Multitasking is a microcosm of the change and stress inherent in modern life.
“Good stress” (eustress) and bad stress are not different kinds of stress but different levels. Too much stimulation and the body is overwhelmed. Too little stimulation and the body also has a stress reaction. Eustress is Goldilocks’ stress — neither too much nor too little. It’s just enough stress to stimulate performance but not enough to break us down.
Whole volumes have been written about both kinds of stress and, in particular, how to deal with bad stress. In Maximum Brainpower, we spend several chapters on stress and, like others, offer strategies on reducing stress. Behind all approaches to stress, though, must be two fundamental concepts.
The first is that human beings stress is the body’s response to potential danger. Biologically, we are still hunter-gatherers. We are wired to deal with immediate and potentially fatal danger. Will that creature over there eat us, or can we eat it? Can we outrun the forest fire or ford the raging river? Until the last hundred years very few people lived long enough for chronic stress to kill them.
But: All of the hassles at work trigger the same threat response as physical aggression or another bodily threat. If the brain perceives “danger” — real or psychological, it does not matter — it pumps stress hormones into the system. We have no biological defenses against the year-after-year grinding stress of modern society.
The second, and perhaps most important, insight is that stress is not “psychological.” Stress is a biological response that creates biological damage. Stress is not something we should just “deal with,” as in tolerate. Nor is alleviating stress about “feeling good” psychologically. It is about restoring the chemical balance inside us. Just as an unstressed insect nourishes the soil, the unstressed mind nourishes the body’s internal ecosystem.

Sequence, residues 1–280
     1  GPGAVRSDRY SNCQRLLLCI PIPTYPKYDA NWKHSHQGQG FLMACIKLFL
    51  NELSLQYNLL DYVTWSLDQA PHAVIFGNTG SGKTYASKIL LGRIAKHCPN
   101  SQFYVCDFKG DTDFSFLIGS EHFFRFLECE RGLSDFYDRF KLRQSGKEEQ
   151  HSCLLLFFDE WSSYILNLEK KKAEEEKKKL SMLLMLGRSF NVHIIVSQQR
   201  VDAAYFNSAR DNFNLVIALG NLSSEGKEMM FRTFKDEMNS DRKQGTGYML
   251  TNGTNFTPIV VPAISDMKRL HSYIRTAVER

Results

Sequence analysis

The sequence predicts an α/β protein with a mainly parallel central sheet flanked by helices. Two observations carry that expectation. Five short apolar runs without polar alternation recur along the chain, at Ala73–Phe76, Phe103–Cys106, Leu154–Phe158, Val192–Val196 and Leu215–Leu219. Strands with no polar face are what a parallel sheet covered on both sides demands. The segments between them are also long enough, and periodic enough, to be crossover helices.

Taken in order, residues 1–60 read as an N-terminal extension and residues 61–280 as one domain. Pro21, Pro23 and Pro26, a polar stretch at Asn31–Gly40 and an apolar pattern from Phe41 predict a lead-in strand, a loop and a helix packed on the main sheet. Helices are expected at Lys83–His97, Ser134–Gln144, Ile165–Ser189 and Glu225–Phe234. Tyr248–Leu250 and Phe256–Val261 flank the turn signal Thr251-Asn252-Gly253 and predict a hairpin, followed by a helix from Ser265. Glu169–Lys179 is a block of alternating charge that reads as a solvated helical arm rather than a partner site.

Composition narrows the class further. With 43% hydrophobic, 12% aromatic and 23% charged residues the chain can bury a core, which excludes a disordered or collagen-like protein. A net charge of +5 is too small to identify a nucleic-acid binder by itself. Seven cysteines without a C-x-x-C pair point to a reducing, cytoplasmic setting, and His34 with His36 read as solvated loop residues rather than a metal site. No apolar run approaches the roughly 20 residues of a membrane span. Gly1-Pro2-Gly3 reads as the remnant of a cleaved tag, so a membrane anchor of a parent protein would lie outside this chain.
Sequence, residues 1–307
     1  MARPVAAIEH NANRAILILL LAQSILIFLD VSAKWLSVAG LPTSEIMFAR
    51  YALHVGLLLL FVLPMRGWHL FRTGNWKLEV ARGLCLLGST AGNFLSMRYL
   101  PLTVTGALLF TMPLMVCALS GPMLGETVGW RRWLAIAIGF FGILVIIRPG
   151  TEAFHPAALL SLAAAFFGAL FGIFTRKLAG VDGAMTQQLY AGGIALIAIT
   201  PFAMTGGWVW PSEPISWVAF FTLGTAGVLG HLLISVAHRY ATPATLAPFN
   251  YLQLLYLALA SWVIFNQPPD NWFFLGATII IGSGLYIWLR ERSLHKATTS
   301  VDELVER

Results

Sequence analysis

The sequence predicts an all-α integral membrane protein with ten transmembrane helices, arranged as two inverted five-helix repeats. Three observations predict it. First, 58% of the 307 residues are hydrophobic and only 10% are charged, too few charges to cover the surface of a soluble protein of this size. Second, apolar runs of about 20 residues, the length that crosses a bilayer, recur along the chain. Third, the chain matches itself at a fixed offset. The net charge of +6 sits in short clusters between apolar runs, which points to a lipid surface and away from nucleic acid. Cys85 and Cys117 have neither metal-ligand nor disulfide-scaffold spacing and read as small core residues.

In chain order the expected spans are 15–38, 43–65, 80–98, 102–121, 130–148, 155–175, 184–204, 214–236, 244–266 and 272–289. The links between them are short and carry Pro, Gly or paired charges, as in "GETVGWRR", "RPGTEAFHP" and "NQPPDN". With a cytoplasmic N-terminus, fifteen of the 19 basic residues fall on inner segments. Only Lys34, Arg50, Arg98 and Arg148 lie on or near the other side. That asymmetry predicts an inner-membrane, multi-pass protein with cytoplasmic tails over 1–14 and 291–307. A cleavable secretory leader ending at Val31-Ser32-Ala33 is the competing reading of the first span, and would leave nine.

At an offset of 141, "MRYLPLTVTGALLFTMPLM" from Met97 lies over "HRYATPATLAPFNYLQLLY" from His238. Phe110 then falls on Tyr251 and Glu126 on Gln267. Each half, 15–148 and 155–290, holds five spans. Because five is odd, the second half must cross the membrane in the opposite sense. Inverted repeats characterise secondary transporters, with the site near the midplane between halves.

If someone told us that an abnormal Pap smear or PSA result was just “psychological,” how aggressive would we be seeking treatment? Like these other tests, stress is a flashing red danger sign that our internal biology is seriously out of whack. By correctly perceiving stress as a biological problem, we are far more likely to get the proper treatment now, rather than continuing to just “deal with it.”
Dying Young and the Psychology of Leaving a Legacy
Carpe Diem—Living with Fear
Creatine and the Brain
Invertebrates: A Vastly Different Brain Structure Can Be Remarkably Efficient
Neurobotany: A Drastically Different Approach To Information Processing And Communication In Plants?